The winsome Japanese verse form can restore a sense of delight and creative adventure to jaded hearts, according to this poetry primer and anthology.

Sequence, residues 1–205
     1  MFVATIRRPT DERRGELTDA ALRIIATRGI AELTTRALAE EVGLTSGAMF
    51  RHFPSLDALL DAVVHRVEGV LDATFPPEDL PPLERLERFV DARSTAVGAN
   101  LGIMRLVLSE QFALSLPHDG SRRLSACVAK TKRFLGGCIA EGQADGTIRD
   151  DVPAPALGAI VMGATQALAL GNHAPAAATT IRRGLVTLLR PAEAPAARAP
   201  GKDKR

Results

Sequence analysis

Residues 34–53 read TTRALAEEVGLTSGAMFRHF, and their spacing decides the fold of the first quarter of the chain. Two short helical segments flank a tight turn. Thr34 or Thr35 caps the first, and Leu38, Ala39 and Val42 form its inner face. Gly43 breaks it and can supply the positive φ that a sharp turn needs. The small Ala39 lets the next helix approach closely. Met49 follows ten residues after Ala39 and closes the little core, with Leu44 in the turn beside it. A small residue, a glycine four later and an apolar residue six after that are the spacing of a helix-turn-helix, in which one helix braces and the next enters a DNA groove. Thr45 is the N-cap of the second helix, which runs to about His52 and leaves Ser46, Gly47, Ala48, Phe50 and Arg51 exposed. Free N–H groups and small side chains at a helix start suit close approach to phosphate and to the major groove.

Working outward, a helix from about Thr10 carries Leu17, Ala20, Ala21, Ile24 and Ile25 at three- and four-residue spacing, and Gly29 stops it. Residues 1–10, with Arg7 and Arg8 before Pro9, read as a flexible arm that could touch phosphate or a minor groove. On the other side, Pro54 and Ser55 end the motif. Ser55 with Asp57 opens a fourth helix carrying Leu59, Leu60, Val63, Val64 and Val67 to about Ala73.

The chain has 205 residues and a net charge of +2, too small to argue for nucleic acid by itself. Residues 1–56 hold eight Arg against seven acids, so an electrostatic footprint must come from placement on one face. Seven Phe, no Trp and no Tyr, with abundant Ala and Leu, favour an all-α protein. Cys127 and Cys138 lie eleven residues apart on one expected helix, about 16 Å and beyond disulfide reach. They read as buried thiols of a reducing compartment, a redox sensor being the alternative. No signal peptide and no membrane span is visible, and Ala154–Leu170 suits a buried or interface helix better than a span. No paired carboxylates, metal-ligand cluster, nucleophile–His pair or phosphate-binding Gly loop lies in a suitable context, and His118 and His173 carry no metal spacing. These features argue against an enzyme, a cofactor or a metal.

Mason, a poet and editor of the online journal The Heron’s Nest, offers haiku as a cure for “the subtle ways in which our culture and times estrange us from wonder.” It’s a popular form because of its friendliness to poets and readers alike: three brief lines (or occasionally two or even one), with no confining rhyme schemes or meters. (The iconic 5, 7, 5 syllable pattern can be broken at will.) The resulting bite-size poems go down easily, but, the author argues, they pack great power within their diminutive expanse. He discusses haiku in the framework of Zen aesthetics, illustrating with poems gleaned from The Heron'sNest. Haiku portrays the Buddhist principles of focusing on the ordinary and small-scale (“last night’s rain / cupped in a banana leaf / a small green frog” by Ferris Gilli) and finding a world in a grain of sand (“city sidewalk / colors swirl in a bubble / of spit” by Brenda J. Gannam). They capture life through rapt sense impressions (“autumn evening / the clink of carnival rings / on empty bottles” by Chad Lee Robinson). Evanescent and usually in present tense, they abide in the moment and evoke large meanings from concentrated images (“in the rest home lounge / the silent piano / its line of cracked keys” by John Hawkhead). And they traffic in everyday mysteries (“soap bubbles / how softly mother / bursts into laughter” by Kala Ramesh). Mason situates haiku in opposition to a Western mindset that perceives objects as discrete and atomized. Haiku, by contrast, flows from a holistic Eastern worldview that sees everything as connected, in which “our perception of boundaries…starts to give way.”